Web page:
Israel Resilience leader Benny Gantz and Yesh Atid chief Yair Lapid appeared for the first time together Thursday evening to unveil their new joint Blue and White alliance, vowing to replace the ruling Likud after the April 9 elections.
“Today we are changing the face of Israel,” Gantz said in a speech carried live on national television.
“In the past decade something has gone wrong,” he said. “Israel has lost its way. The government has incited division [in Israeli society], it’s a government that divides and rules. We’re here to say, ‘enough.’ Instead of division, we want unity. Instead of extremism, we want dignity. Instead of fraction, we propose national reconciliation.”
Gantz added that he and those on stage with him, Lapid and senior partners Moshe Ya’alon and Gabi Ashkenazi, “each have an ego. We each have an agenda. But when we saw the country that is so dear to us being torn apart, we put our egos aside…none of us are above the people or above the country.
Lapid said: “We are creating a ruling party. The Israeli public will go to the polls on the 9th of April to choose what kind of country they want, what sort of country their children will live in: a country of investigations, corruption and incitement or a country of hope, resilience and a promise for the future. Netanyahu chose [racist rabbi Meir] Kahane’s people as his partners. We choose each other, and more than that, we choose the citizens of Israel.
“I wouldn’t be standing here today if I didn’t believe that Benny Gantz could lead us to victory and then lead the country. He’ll be an excellent Prime Minister. I believe in him.”
Gantz revealed he shares some poignant family history with his new political partner.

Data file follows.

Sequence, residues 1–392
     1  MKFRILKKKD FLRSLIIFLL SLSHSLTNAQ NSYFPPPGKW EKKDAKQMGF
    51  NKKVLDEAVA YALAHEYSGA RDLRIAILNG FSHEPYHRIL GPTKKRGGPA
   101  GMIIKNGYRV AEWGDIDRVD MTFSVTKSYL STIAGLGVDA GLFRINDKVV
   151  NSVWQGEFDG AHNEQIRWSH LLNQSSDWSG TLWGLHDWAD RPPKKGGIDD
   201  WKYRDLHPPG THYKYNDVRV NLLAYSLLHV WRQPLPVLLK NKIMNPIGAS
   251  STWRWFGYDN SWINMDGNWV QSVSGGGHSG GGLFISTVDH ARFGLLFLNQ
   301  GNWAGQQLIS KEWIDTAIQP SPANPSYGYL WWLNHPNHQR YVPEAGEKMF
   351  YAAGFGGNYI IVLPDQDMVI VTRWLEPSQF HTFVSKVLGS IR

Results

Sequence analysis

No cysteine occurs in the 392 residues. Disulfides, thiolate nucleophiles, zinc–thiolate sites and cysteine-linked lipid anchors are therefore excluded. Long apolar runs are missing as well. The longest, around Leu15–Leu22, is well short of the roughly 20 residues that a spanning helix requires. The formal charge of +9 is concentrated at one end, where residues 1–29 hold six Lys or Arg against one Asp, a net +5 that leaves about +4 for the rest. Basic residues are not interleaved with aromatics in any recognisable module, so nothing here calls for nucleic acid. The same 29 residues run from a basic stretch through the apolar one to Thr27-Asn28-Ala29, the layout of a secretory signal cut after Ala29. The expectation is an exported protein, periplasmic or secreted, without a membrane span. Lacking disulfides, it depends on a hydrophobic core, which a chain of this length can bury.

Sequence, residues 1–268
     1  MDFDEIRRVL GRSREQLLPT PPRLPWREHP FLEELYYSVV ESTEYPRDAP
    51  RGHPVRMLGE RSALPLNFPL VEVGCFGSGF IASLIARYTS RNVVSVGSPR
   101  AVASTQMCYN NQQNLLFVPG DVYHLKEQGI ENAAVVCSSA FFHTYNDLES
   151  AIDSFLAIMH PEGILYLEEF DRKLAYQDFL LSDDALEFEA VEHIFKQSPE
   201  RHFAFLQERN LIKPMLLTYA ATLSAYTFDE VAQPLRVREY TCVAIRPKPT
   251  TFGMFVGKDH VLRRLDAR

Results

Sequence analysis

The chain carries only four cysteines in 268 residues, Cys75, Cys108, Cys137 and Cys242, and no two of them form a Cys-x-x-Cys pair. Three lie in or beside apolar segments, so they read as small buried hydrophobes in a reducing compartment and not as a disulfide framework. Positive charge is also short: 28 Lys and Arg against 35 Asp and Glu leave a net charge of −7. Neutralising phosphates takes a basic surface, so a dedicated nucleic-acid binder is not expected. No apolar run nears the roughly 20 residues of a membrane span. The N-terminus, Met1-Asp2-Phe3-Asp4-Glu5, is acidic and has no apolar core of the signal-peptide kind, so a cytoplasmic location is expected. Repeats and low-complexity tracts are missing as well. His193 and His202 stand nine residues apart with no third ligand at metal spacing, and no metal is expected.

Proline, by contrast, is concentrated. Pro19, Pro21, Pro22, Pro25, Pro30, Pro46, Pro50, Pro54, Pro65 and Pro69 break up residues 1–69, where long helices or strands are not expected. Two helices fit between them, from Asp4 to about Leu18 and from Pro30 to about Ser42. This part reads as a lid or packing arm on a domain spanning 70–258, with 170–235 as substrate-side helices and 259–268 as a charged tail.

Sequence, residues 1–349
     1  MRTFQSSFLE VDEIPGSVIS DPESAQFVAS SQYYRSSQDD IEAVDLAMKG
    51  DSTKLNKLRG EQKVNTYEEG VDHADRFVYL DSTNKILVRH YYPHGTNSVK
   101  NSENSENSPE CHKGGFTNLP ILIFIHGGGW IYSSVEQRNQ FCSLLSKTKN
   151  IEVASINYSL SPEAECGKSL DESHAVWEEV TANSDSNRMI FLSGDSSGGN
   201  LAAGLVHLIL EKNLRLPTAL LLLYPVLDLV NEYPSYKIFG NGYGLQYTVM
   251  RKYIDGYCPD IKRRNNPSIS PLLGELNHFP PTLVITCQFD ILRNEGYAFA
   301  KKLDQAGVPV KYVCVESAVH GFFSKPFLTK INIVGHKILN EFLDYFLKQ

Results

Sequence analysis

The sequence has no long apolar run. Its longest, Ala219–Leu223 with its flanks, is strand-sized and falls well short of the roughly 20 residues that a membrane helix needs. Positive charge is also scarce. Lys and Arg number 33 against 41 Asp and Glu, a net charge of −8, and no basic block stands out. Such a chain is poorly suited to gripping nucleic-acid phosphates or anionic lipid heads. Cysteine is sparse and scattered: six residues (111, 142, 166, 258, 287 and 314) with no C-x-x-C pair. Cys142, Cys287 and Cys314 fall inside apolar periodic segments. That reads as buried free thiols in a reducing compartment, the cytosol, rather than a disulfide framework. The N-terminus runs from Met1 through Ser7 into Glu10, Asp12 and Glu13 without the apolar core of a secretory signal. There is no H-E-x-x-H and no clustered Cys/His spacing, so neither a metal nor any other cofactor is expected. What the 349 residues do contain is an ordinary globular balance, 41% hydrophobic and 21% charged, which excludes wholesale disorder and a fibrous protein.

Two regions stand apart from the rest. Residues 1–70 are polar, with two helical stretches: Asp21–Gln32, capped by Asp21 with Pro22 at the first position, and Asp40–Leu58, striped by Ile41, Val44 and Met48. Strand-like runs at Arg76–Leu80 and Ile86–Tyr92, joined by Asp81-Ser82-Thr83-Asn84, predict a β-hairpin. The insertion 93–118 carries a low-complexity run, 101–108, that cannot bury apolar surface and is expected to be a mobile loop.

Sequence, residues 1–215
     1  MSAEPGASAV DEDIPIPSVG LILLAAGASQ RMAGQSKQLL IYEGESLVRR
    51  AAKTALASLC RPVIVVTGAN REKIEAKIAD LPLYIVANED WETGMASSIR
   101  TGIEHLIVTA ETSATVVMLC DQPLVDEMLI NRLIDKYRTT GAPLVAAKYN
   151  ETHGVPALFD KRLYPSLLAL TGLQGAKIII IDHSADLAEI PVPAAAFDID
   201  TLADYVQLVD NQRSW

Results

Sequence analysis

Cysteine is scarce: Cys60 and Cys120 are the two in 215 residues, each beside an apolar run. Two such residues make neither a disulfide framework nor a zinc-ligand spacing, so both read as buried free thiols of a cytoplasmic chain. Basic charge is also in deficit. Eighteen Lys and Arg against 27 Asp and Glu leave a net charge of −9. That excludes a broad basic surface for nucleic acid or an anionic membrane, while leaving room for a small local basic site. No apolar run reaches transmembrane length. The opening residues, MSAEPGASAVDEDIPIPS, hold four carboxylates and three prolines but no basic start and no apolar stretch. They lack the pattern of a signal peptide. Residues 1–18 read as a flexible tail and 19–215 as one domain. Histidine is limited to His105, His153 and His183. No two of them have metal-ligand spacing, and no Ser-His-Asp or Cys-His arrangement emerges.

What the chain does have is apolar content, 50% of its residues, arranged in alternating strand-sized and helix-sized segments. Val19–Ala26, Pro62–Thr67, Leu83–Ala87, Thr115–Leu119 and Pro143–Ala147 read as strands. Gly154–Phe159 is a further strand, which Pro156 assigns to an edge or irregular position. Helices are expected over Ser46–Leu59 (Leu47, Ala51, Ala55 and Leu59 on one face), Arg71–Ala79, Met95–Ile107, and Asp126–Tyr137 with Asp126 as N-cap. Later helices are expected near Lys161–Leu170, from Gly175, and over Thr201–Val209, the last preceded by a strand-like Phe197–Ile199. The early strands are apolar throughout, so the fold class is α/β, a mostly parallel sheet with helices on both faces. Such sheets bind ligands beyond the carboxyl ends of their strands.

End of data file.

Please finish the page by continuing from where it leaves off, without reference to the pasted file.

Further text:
Gantz and Lapid’s comments came hours after an early-morning announcement that the parties would merge their lists in order to boost their bid to replace Likud. The merger deal includes a rotation at the top between Gantz and Lapid.
As part of the merger, Yesh Atid candidates fill 13 of the first 30 slots, Israel Resilience gets 12, and Moshe Ya’alon’s Telem party, which merged with Israel Resilience last month, has four slots. Ex-IDF chief of staff Gabi Ashkenazi, who joined the party Wednesday night, is in the fourth spot on the list. (Full list below.)
As polls show Blue and White alliance poses growing threat to his re-election, PM claims his rivals would establish a Palestinian state, endangering Israel’s very existence
Issuing a robust and detailed response to the electoral threat posed by the newly united parties of his centrist rivals Benny Gantz and Yair Lapid, Prime Minister Benjamin Netanyahu on Thursday night warned that if they came to power, Israel’s very existence would quickly be threatened by the independent Palestinian state he claimed they plan to establish.
Speaking minutes after Gantz and Lapid had held their first public gathering since merging their respective Israel Resilience and Yesh Atid parties into the Blue and White alliance for the April 9 elections, Netanyahu declared that the choice for the electorate was now “clearer than ever.”
Either Israel could be led by a “weak, new left-wing party,” supported by Arab Knesset members who he said seek to destroy Israel, or the electorate could choose “a strong, right-wing government under my leadership.”
Just before he spoke, Israeli TV channels published snap opinion polls that showed Blue and White winning more seats than Netanyahu’s Likud, but hard-pressed to form a majority coalition. Netanyahu charged that the Gantz-Lapid alliance, if the elections played out that way, would seek to muster a so-called “blocking coalition,” with Arab MKs’ support, to prevent him retaining the prime ministership. He said it was “absurd” that any such effort would be considered legitimate, since the Arab parties “not only don’t recognize Israel; they want to destroy Israel.”
Urging voters to back Likud, because only Likud could prevent a left-wing government, he challenged the credentials of both Gantz (who is helming the alliance) and Lapid, fiercely attacked their policies, and castigated their ostensible positions.
He cited Labor prime ministers Yitzhak Rabin and Ehud Barak as examples of previous left-wing generals “posing as rightists and talking of unity” whose leadership had been disastrous for Israel. “We’ve been here twice before,” he said. “In 1992 we got Rabin and [the] Oslo [accords with the PLO],” and in 1999, Barak, “the intifada, exploding buses and over 1,000 fatalities.”
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